That last point relates directly to the epigraph to this post, where creator David Simon talks about the connection of the series to Greek tragedy. The classic idea of the tragic flaw runs through the heart of The Wire and it’s yet another reason why having these characters compete in a tournament cheapens them. This bracket idea leads to people arguing about who’s harder, Avon or Stringer, when in the actual narrative fabric of the show, these two characters both strengthen and weaken each other at different points. Stringer’s entrepreneurial streak helps them succeed once Avon’s street-level tactics have gotten them to a place of power. But then these same traits turn on them, threatening the empire they’ve built.

This is where it starts to get really weird, though, because the same thing that shortchanges these characters in a tournament is the same thing that creates meaning in an actual bracket-style tournament like March Madness. Many teams (like characters in a story) are flawed in ways that are also strengths, and running into a buzzsaw of an opponent who matches up just right can be their downfall. Teams predicated on offense run their opponents out of the gym until they run into a team that slows them down. Methodical half-court teams get countered by swarming defenses. But this similarity to classical narrative structures in a tournament is actually why this whole Smacketology thing is backwards.

What we love in March Madness are the storylines, the upsets, the Cinderellas. But those narratives are created by the structure of the tournament being imposed on a set of “characters” with the same goal. The tournament is seeded, the bracket is set, and then we watch as teams overcome their seed or live up to it. A structure is built around them and then we revel as they upend it. It’s a common narrative in Western culture: the triumph of the underdog. It’s in “Die Hard,” in “The Seven Samurai,” in “Oliver Twist,” in “Annie.”

But it’s not in The Wire. The characters in The Wire don’t overcome. As Simon says, “[T]hose characters with hubris enough to challenge the postmodern construct of American empire are invariably mocked, marginalized, or crushed.” This is perhaps nowhere more movingly illustrated within the series than when D’Angelo Barksdale is being interrogated towards the end of the first season:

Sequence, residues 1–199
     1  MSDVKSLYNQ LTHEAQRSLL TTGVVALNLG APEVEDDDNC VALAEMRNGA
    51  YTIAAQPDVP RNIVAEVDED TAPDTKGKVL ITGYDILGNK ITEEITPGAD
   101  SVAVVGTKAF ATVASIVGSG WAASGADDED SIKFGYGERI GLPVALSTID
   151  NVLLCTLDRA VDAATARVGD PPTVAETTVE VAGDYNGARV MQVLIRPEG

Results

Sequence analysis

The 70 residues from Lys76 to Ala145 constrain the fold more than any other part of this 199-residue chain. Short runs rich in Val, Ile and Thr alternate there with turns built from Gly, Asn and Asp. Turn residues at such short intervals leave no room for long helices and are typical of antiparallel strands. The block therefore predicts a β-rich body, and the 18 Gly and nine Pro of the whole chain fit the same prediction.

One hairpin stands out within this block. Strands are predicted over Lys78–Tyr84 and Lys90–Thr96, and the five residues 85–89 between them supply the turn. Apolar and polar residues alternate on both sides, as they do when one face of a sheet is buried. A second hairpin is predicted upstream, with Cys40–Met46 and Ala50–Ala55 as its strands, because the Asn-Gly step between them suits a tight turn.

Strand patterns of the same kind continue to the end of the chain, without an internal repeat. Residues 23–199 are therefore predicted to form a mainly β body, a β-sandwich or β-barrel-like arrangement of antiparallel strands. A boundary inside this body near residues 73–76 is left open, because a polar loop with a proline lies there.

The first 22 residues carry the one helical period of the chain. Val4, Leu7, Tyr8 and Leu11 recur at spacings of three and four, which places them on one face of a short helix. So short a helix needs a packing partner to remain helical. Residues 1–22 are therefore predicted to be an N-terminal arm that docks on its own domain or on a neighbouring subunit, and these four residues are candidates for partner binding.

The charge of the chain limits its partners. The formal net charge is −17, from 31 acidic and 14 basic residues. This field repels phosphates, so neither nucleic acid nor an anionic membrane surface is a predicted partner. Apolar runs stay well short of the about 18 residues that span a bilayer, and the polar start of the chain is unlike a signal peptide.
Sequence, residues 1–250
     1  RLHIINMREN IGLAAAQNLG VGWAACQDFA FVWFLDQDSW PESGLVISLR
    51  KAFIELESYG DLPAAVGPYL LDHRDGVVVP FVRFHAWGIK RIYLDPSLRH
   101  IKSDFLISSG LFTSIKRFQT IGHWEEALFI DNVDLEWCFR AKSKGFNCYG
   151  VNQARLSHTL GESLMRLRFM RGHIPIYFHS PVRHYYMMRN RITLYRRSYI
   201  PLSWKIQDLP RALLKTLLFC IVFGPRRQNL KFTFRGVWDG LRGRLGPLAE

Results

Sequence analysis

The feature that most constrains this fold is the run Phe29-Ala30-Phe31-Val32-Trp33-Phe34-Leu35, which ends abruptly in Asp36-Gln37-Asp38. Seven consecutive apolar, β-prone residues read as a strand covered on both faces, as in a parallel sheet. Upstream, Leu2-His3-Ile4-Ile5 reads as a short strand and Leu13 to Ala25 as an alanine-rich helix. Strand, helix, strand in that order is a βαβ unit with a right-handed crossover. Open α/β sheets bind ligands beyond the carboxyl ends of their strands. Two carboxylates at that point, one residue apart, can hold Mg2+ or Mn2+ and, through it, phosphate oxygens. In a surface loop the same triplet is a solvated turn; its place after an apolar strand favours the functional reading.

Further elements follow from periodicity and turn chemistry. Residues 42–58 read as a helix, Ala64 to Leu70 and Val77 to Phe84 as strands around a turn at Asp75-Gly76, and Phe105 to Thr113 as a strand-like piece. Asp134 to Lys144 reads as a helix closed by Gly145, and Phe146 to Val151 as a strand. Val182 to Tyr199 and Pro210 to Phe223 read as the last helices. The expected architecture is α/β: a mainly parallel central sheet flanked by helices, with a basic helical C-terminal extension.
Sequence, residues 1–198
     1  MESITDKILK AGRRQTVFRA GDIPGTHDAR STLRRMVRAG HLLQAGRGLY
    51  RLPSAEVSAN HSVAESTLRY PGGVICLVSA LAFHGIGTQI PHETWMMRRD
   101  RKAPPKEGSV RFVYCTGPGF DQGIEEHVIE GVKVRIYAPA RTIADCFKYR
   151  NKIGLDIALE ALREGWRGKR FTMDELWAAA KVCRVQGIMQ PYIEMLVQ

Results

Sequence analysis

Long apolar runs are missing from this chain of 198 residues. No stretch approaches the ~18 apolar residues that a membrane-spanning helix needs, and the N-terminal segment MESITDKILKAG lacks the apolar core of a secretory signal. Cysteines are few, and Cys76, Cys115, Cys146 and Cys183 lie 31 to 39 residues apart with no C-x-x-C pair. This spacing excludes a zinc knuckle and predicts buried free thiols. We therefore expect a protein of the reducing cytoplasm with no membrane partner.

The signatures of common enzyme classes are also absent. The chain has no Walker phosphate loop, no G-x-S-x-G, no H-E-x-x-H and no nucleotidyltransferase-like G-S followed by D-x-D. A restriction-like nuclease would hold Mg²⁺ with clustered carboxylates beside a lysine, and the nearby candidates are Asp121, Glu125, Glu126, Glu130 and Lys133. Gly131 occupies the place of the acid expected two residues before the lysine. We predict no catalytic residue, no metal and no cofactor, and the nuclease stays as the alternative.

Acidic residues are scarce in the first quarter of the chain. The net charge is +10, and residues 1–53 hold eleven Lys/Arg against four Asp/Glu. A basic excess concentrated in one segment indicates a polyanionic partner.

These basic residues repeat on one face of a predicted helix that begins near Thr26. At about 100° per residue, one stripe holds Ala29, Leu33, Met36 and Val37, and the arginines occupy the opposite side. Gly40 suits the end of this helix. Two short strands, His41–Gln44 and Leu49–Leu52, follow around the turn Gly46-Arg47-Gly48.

“Y’all don’t understand, man. Y’all don’t get it. I grew up in this shit … All my people, man. My father, my uncles, my cousins: It’s just what we do. You just live this shit until you can’t breathe no more. I swear to God, I was courtside for eight months and I was freer in jail then I was at home.”

The characters who do achieve some measure of personal victory in The Wire often do so quietly, whether it’s Cutty or Bubbles. And yet they’re the ones who will be shortchanged in a contest that pits them against more cold-blooded characters like Omar and Marlo. Yes, Marlo is, in some sense, “the last man standing,” but his final scene hardly feels like a victory. As each season ends and we enter the carousel of images from across Baltimore, the inescapable conclusion is that these characters are trapped in a narrative that keeps repeating itself, that keeps chewing them up and spitting them out.

Bracket tournaments (and all sports playoffs, really) generate their most compelling narratives through upsets, through the disruption of order. We crave it as viewers and part of what made The Wire such an achievement was its refusal to give us that. As Grantland’s Smacketology proceeds, we’re sure to see just such upsets and those upsets will offer the winner a measure of transcendence that the series itself would never afford them from within its structure. This is the disservice that Grantland is doing to these characters. Because in the world of The Wire, as Prez says, “No one wins. One side just loses more slowly.”

Seth Carstens